Sheffield hospital is the first in the country to offer virtual reality gaming treatment

Sheffield Teaching Hospitals NHS Foundation Trust has become the first NHS Trust in the country touse virtual reality gaming to treat visual vertigo in everyday NHS practice. Professor Jaydip Ray is pictured with a patient using the virtual reality technology
Sheffield Teaching Hospitals NHS Foundation Trust has become the first NHS Trust in the country touse virtual reality gaming to treat visual vertigo in everyday NHS practice. Professor Jaydip Ray is pictured with a patient using the virtual reality technology

Sheffield Teaching Hospitals NHS Foundation Trust has become the first NHS Trust in the country to use virtual reality gaming to treat visual vertigo in everyday NHS practice.

The Trust has installed a state-of-the-art virtual reality computer gaming suite at the Royal Hallamshire Hospital to help patents with visual vertigo.

The use of the technology has already led to a dramatic improvement in recovery times for patients suffering with the debilitating condition, with those using the digital landscape and headsets during rehabilitative therapy regaining control of their symptoms within six to eight weeks of starting therapy.

This compares to six months using traditional rehabilitative therapy.

Professor Jaydip Ray, Clinical Director and Consultant Ear, Nose and Throat Surgeon at Sheffield’s Royal Hallamshire Hospital, said: “Visual vertigo is a complex, yet poorly understood condition that can have a profound effect on people’s lives, with many finding it impossible to do job roles in the fire or police service that require you to cope with visual challenges.

“Our specialist regional neurotology clinic has already pioneered the use of augmented reality video game consoles with balance boards to help patients, so using hi-end virtual reality gaming systems for rehabilitative therapy for patients with visual vertigo is a natural progression for us.

“Although a small number of patients have been unable to tolerate the system, for those who can we have seen significant improvements in recovery times.

“These can be hugely transforming and can be key in preventing a deepening sense of depression and isolation, and most patients who have accessed the system are now being symptom-free.”

Teresa Fox, aged 53, who works as a clerical support worker at Weston Park Hospital, is one of the patients who has benefited from virtual reality computer gaming suite as part of her therapy.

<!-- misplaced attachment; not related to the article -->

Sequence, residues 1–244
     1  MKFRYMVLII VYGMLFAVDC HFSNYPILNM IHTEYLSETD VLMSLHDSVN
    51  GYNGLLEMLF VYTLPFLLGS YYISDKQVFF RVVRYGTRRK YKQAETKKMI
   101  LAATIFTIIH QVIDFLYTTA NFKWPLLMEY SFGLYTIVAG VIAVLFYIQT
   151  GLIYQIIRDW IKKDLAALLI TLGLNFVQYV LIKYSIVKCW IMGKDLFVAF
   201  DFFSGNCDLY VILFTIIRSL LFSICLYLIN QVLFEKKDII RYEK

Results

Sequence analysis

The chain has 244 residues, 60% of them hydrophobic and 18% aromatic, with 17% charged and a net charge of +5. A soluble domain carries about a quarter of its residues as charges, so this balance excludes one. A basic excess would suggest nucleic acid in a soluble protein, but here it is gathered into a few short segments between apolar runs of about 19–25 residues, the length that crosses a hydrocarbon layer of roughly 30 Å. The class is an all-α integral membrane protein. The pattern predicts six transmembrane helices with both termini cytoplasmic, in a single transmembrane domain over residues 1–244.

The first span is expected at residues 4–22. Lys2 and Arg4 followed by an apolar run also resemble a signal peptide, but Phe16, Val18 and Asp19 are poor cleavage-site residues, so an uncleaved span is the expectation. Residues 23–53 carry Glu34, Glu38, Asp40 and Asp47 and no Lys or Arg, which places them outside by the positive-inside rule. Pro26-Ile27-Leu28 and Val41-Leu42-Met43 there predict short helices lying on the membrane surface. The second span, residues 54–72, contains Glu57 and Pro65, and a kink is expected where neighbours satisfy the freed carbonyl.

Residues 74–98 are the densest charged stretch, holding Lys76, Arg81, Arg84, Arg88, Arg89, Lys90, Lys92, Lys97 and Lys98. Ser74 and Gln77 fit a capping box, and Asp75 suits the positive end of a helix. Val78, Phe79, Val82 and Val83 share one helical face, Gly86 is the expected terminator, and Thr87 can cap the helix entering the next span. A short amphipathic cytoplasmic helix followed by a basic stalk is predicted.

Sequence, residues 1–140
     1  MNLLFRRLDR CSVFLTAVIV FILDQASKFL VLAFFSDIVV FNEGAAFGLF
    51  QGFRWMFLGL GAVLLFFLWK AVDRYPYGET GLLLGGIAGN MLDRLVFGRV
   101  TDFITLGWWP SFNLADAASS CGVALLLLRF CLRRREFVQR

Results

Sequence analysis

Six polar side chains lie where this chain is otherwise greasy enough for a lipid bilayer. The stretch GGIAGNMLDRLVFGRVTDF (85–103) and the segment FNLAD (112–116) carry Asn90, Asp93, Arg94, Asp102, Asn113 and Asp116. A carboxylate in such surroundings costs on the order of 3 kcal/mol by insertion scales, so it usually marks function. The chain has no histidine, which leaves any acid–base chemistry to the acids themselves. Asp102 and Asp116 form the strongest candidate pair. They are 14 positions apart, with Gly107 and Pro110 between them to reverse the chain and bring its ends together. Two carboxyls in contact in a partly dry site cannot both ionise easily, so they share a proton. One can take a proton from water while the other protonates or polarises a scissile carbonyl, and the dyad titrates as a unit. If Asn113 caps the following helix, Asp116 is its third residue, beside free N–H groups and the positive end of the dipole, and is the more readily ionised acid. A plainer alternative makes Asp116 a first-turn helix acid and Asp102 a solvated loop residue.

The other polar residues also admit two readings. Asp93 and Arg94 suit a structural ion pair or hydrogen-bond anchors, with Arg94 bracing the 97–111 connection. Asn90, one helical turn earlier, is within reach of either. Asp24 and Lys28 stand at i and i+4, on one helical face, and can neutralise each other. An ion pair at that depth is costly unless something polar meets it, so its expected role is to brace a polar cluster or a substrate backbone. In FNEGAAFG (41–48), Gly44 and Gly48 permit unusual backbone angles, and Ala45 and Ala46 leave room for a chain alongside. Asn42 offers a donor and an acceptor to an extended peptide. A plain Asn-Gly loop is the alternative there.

She started to have issues with her balance three years ago.

She said: “It got to the point where I couldn’t stand up, everything was spinning, and I felt very nauseous with it.

“Things started to settle down when I had some treatment and therapy exercises, but a year later it started again, I was having missteps.

“It was such a weird experience. I felt like I was walking normally but then I missed bits, corridors wouldn’t look level, and I’d lose my balance.”

Teresa was then referred to the Ear, Nose and Throat Department at the Royal Hallamshire Hospital, Sheffield where she was diagnosed with Meniere’s Disease, a condition of the inner ear that causes vertigo, along with visual vertigo. 

To help her better cope with her visual vertigo, she was able to use the virtual reality computer gaming suite as part of her therapy.

She said: “Initially I was a bit apprehensive, as I was terrified of spinning out of control, but virtual reality really helped me psychologically as I realised I could cope in certain situations that I didn’t think I would be able to.

“I used to really suffer when travelling in a car, walking along corridors, or going up heights but I no longer experience that sensation that I’m moving when I’m stationary.

“I used to dread being in a car, but I don’t get nauseous anymore. Nine out of ten times I could cope with walking the stairs at work, but sometimes I’d have a really bad episode, and would have to go up on the lift.

“I still have episodes of visual vertigo now, but they used to occur on a daily basis with an attack coming on in seconds. I’m a lot better than I was and most days are good days now.”

Over time, the technology could be used in patients’ homes for self-help therapy